National Award-winning film Land, Gold, Women, drives home the point that honour killings have little to do with religion and everything to do with an imposed sense of machismo and social violence
In an early scene from Land, Gold, Women, Nazir Ali Khan, the Birmingham-based Muslim father of 17 year-old Saira, asks his daughter to cover her head during a visit by his conservative older brother Riyaaz, even as she shuffles her feet awkwardly.
Avantika Hari Agarwal, the director of Land, Gold, Women
Later, Riyaaz, in a poignant scene, holds forth to his bullied-at-school nephew, Asif, on how there is nothing more honourable than 'fighting for' your honour, and the things you must 'protect' to be a real man. Both scenes are cruelly indicative of the way the culture of machismo and honour transcends the boundaries of geography and even religion, a point filmmaker Avantika Hari is at pains to make during our telephone conversation.
"Honour killing is murder and should be treated that way, it has nothing to do with culture or religion. And that's one of the points I'm trying to make in this film," she says, from Dubai, reeling off some facts. "The MET police in London get 17,000 calls in a year from women suffering from honour violence. It's as rampant there as it is in India and even other places like the Middle East and Central Asia."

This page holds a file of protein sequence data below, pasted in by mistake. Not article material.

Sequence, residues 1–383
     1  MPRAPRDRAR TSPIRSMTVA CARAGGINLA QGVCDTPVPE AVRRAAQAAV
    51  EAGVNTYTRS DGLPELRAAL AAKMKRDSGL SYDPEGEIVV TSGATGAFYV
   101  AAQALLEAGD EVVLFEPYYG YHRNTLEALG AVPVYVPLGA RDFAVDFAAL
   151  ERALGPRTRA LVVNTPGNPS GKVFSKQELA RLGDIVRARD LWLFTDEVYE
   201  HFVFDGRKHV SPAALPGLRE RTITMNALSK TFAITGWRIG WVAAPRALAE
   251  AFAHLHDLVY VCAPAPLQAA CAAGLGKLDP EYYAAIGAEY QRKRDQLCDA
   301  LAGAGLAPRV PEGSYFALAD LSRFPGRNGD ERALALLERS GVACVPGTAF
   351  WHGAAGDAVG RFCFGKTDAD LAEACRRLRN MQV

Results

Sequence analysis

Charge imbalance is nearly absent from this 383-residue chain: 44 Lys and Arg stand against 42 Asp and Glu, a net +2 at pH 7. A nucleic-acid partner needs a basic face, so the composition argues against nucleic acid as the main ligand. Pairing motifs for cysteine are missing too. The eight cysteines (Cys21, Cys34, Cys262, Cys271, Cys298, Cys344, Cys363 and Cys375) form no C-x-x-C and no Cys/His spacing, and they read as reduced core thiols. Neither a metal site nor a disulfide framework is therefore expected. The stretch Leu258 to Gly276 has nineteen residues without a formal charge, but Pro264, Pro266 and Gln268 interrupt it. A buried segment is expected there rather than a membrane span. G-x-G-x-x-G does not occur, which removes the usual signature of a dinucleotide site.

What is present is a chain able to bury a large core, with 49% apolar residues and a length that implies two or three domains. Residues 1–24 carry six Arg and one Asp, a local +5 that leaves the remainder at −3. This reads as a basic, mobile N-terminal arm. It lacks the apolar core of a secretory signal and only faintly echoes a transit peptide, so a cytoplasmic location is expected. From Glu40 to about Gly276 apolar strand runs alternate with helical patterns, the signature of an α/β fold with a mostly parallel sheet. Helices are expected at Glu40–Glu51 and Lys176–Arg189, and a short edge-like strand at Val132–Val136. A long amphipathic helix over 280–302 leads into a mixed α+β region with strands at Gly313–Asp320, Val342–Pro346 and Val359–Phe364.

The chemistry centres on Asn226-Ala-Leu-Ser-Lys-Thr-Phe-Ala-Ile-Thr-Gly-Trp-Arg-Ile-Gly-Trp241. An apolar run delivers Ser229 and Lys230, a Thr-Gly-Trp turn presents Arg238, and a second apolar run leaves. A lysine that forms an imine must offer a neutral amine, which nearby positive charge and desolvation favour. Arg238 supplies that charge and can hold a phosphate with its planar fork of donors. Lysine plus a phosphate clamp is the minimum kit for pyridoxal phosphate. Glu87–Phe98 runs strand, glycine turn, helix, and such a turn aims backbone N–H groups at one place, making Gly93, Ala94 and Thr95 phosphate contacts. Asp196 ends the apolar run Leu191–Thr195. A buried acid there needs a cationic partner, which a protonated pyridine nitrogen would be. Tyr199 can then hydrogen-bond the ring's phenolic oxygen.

The 98-minute film, therefore, addresses the issue through Khan's family, as they grapple with increasing pressure to live by the codes they left behind in India, which includes fighting to protect zar, zan and zameen, (Urdu for Gold, Women, and Land) three things that men of 'honour' can kill for.
"It's a film I had to make," Hari says, simply, when I ask her why she settled on such an intense subject for her debut film. That resulted in meetings with 10 and 15 year-olds who had escaped honour killing and were being supported by an NGO. "Here I was, twice the age of little girls who had undergone that kind of violence, and managed to escape it, and I was still struggling to understand how it all worked. It was a compelling subject, and I had to make it," she adds, explaining how during her time at London Film School, she read a number of articles on honour killing, which pushed her to research the subject.
Today, the National Award-winning film has expanded into a movement to end this violence via month-long street plays in various locations in Mumbai, on-ground events with local NGOs like Akshara, and talks and engagement activities with over 10,000 college students. "I want to change lives and that starts by informing people. I want to correct the misconception that honour killing has to do with religion, and that it is condoned by women themselves. It's a social malaise that has, over time, gotten intertwined with a religious outlook," she says.
Next up, the plan is to take the play to New Delhi and also sell it in DVD format, proceeds from which will go to some of the on-ground activities of the movement to end honour violence.
At: 4 pm, Little Theatre, NCPA Nariman Point